Pages: 1 2
Chinese President Hu Jintao is due to arrive in Washington on Tuesday evening, to start a three-day official visit to the United States. All reports coming out of Washington, D.C. suggest this visit is amongst the most highly anticipated in years. And no wonder: The United States is committed to two ongoing wars and is still attempting to sustain even a modest economic recovery. China has enjoyed solidly robust economic growth for years and is rapidly expanding its enormous military’s technological capabilities, as well as its geopolitical reach.
In short, for the first time since the end of the Cold War, the United States will be forced to deal with another country as something approaching an equal, while being mindful of the dispiriting possibility that at a similar meeting not too far in the future, it may well be the United States, the leader of the Western Free World, that is the junior partner in the Sino-American relationship. Many words have been written ahead of the summit, and still more will be penned when it’s over. Even so, it is worth briefly reflecting on the current state of the relationship, as well as the worrying evidence that President Hu might be rather more a figurehead than a leader.
By the standards of recent history, the United States and China get along fairly well. There is none of the brinksmanship, with the attendant risk of nuclear war, that was the cornerstone of Soviet-American relations for 40 years. This is not to deny that there are flashpoints in the relationship, merely to point out that areas of disagreement between the two nations do not pose the risk of rapid escalation to mutual genocide. Unlike the Soviets, China does not as yet demonstrate any sign of having global imperial ambitions, and seems content to adapt capitalism to its own needs, rather than battling against it in an inevitably futile struggle.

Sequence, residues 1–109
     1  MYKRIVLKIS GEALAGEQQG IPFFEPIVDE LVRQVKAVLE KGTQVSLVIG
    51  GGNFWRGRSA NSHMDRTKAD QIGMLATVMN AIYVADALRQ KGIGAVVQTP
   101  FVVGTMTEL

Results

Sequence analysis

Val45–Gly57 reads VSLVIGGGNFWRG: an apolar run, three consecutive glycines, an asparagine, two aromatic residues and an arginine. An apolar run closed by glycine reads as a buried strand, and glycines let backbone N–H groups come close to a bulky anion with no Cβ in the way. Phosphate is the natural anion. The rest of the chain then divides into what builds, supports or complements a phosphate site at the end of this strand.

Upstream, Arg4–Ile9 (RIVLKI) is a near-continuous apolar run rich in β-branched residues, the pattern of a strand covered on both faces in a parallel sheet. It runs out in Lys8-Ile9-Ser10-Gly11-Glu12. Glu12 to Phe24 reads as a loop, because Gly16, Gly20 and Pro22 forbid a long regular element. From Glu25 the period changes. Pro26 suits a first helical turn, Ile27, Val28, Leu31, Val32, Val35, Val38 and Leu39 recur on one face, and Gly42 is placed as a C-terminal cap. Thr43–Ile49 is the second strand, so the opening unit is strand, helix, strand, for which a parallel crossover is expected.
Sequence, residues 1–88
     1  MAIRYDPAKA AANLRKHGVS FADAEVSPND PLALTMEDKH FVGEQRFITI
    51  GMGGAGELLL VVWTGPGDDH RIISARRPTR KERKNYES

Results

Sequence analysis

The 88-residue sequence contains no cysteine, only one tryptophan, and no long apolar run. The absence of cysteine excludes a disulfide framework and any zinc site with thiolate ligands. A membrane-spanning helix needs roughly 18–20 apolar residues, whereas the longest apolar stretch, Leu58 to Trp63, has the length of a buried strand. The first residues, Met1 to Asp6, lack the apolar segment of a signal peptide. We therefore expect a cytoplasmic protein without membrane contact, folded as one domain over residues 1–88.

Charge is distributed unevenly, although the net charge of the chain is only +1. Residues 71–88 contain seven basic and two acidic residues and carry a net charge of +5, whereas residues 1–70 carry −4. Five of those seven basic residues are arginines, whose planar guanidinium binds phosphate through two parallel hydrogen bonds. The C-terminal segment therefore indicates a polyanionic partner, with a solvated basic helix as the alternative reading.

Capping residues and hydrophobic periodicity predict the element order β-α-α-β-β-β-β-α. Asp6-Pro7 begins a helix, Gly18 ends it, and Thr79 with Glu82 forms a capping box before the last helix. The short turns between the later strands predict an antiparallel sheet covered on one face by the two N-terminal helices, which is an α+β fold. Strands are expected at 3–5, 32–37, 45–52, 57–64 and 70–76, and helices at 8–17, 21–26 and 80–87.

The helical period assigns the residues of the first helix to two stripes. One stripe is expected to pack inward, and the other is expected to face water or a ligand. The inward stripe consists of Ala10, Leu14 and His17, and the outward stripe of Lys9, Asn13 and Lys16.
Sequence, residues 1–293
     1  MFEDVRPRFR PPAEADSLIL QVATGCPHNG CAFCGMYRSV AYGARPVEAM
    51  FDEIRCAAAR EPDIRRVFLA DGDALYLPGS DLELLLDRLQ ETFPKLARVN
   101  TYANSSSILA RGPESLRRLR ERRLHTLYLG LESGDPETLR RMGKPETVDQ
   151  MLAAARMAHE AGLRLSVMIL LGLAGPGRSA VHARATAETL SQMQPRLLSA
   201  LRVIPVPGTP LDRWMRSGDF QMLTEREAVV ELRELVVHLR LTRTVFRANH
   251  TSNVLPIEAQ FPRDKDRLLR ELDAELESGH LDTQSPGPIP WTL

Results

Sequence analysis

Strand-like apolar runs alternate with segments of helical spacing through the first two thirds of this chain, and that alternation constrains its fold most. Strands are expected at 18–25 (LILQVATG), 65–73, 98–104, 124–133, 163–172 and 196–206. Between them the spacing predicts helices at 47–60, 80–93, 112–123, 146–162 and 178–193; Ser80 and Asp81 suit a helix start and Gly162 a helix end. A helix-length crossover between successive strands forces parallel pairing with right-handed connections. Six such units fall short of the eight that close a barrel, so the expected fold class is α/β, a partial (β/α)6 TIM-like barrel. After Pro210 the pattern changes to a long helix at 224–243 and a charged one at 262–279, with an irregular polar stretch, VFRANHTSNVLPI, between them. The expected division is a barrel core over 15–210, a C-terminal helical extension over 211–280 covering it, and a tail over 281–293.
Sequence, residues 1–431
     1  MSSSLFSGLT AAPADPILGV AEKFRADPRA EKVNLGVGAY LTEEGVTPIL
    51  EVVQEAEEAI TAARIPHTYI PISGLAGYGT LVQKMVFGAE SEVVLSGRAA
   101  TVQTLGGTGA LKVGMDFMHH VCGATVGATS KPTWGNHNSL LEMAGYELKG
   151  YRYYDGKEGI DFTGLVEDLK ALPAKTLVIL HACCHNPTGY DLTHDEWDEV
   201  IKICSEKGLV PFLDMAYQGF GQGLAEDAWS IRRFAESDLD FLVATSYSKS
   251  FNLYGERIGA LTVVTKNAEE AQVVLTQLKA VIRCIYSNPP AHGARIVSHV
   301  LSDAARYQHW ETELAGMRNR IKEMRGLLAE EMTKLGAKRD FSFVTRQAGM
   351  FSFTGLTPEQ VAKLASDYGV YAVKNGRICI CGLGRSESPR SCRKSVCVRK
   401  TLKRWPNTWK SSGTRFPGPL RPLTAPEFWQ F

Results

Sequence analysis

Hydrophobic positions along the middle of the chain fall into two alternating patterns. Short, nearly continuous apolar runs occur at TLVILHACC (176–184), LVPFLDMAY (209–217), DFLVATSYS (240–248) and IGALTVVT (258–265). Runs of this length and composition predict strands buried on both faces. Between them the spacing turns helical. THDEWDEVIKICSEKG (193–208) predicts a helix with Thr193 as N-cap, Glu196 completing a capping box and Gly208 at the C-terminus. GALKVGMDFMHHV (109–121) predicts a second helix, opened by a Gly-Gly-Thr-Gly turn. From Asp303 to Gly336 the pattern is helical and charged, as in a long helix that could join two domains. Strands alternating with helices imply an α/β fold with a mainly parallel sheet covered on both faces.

Indeed, it is China’s willingness to use capitalism, with surprising effectiveness, that leads to many of the regime’s clashes with the United States. Over the last 20 years, China has become the assembly line of the entire world, manufacturing items of every description and exporting them to Western markets for prices that businesses in the importing countries cannot hope to compete with. They have used the influx of cash obtained through these sales to purchase enormous quantities of American debt bonds, creating a closed circuit wherein America gives China the money China uses to buy American debt.
As China’s economic might has grown, however, it has refused to open its markets to Western goods, has kept its currency artificially low (to make Chinese exports even stronger) and has shamelessly appropriated Western patents and other forms of intellectual property for its own domestic use while paying little or no compensation. Even while it has sought to join Western-oriented organizations such as the World Trade Organization and the Group of 20 leading nations, it has refused to play by the same rules that effectively govern trade in North America, Europe and the rest of the developed world.
It’s not hard to see why. For two decades now, the citizens of the West have been partaking in a debt-fueled orgy of spending, and only a country with pockets as deep as China could possibly loan them enough money to keep the party going. Western diplomats might have made noises about China’s unbalanced trading practices, but there was no incentive for them to rock the boat. Now that the financial crisis of 2008 has brought the party to a close, the West is shaking off its fiscal hangover only to notice that not only has China bought up enormous quantities of American debt, it has also turned itself into a manufacturing giant and helped itself to enough Western know-how to be rapidly narrowing the technology gap. One can criticize the Chinese actions while still admiring their cunning. The West lent them the money they needed to compete with us on more equal terms.
Pages: 1 2